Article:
Life has taken an unexpected but quite welcome turn for me. I’ll be spending the next three to six months in Peru teaching adults English for the purpose of expanding their job opportunities while I learn Spanish for much the same reason: ideally so that I can work with immigrants upon my return! The school is El Arte Sano and I will be living in Urubamba, which is in the Sacred Valley below Machu Picchu and an hour outside of Cuzco, a major Peruvian city. Central and South America have long fascinated me due to the intersecting issues of human rights and economics. Both have had an impact on the regions quite deeply. I am SO EXCITED!!!
During the past few weeks I’ve been reading whatever I can about Peru and have teased out at least a couple of topics I’d like to keep an eye on while there:
- A friend was kind enough to point me to a law Peru’s president signed regarding indigenous rights and natural resources: Indigenous people must be consulted before natural resource deals proceed on their land. I’ll definitely be following developments about this.
- While the US has initiated Coca eradication programs it has not stemmed the flow of Cocaine. On the other hand, it has disrupted Peruvian indigenous life in which Coca leaves play an integral part in the culture.
- Language and colonization: The indigenous language of Peru is Quechua (Keh-choo-uh) and for some it remains their first and only language. I was dismayed to read that Spanish has been used as a method of control in much the same way that illiteracy has been used to keep people from voting in the United States.
- The influx of tourism is resulting in the degradation of native arts and crafts. The global demand for cheap goods results in the use of lesser quality materials for things such as textiles so that local artisans can compete.
Last but not least: Martin Chambi, a Peruvian photographer in the 1920s, was quite taken with Machu Picchu and took over a thousand photographs of the ruins. Quite a feat in itself, it’s important to remember that photographic equipment was heavy, large and fragile in those times and there wasn’t the regular bus service or roads to Machu Picchu that there are today!!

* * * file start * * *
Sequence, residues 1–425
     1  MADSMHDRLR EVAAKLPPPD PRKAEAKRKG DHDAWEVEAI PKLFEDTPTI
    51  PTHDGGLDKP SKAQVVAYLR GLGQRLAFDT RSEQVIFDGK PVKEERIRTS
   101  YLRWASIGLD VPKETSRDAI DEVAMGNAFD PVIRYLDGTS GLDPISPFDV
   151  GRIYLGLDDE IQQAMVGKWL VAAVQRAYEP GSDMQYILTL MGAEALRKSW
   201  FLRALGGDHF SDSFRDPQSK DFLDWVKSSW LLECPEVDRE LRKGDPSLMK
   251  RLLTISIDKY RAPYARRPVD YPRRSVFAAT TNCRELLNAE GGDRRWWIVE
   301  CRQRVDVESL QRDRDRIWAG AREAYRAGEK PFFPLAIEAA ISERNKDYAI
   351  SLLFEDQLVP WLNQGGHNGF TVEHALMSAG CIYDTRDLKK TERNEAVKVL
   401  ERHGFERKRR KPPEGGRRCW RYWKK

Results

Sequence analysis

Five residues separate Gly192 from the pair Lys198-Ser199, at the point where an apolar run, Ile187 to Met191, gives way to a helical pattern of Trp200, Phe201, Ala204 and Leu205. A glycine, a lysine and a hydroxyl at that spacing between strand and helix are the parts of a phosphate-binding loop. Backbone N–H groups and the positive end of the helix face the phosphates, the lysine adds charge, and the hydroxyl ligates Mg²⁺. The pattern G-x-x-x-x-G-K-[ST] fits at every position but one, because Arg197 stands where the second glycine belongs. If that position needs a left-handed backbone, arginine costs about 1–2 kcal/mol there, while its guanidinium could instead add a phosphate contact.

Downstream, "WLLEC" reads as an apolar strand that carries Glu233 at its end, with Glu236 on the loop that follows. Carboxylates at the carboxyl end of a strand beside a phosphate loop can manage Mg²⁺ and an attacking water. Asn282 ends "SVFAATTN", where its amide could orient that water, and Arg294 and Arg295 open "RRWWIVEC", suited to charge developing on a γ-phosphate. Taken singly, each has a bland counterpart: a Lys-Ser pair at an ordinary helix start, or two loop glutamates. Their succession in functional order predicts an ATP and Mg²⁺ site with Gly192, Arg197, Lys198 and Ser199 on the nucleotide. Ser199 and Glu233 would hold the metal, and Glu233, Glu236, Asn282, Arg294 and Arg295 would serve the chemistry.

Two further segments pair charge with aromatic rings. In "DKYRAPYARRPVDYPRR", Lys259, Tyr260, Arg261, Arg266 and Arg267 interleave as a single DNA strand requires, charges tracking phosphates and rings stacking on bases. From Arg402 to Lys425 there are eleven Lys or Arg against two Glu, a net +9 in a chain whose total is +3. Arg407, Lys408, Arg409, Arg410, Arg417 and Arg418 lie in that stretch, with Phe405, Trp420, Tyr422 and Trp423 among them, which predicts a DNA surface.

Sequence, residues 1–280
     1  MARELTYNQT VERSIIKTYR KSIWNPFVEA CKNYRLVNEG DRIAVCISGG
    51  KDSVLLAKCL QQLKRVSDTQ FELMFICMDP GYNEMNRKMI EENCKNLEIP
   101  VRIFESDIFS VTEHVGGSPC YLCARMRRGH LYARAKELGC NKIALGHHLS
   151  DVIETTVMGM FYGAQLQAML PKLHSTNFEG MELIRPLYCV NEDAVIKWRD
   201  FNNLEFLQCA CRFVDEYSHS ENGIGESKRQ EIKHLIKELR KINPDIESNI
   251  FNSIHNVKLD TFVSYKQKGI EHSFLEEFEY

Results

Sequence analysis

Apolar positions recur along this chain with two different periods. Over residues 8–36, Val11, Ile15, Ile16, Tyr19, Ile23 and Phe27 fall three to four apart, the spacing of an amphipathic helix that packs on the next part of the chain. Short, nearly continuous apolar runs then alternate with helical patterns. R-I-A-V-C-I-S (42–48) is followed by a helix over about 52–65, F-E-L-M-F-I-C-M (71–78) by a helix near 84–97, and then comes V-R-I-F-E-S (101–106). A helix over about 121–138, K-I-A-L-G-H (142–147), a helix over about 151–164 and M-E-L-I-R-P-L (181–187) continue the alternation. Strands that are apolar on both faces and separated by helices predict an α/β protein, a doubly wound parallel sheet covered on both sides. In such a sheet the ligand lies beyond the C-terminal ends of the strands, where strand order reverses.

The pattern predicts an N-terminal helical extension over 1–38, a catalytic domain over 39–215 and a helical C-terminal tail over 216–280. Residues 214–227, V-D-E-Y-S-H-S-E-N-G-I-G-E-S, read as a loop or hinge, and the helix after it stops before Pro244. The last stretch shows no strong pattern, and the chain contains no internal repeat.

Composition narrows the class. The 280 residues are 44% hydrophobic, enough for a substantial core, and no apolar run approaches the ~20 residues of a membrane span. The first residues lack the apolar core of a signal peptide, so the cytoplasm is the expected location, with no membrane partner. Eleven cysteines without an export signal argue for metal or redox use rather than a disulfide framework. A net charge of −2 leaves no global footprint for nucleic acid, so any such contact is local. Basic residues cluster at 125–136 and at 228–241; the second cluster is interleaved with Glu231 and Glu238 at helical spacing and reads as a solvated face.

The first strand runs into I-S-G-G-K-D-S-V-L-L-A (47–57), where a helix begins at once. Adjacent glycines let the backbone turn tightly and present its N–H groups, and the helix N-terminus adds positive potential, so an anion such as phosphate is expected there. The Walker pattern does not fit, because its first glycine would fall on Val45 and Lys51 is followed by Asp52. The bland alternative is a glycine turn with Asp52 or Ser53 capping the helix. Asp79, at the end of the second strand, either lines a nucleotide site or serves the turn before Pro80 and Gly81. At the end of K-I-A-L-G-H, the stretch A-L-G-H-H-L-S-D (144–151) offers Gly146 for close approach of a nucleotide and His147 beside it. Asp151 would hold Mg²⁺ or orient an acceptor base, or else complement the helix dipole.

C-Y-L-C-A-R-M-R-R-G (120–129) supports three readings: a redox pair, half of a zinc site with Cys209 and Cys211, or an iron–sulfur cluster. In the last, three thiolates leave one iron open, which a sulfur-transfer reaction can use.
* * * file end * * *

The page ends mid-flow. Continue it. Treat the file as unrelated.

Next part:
He gained quite the notoriety with the Cuzco elite and began to receive funding and commissions. One of these Cuzquenas was a socialite who required that he bring she and her thirty or so friends along, complete with a group of musicians:
Chambi amused himself with the bright young things of Cuzco, many of whom had never been in the mountains before, by killing snakes with his machete for dramatic effect. A photo survives of the party when they finally arrived at the ruins: the musicians play in the background as couples tea-dance in the overgrown and deserted buildings. It is an intensely romantic and unreal image. But this is perhaps the most distinguishing feature of a photographer whose work tried to document the light shining through the mundaneness of Peruvian daily life.
Story and quote from The White Rock: An Exploration of the Inca Heartland by Hugh Thomson. I wish I could find the picture he speaks of!!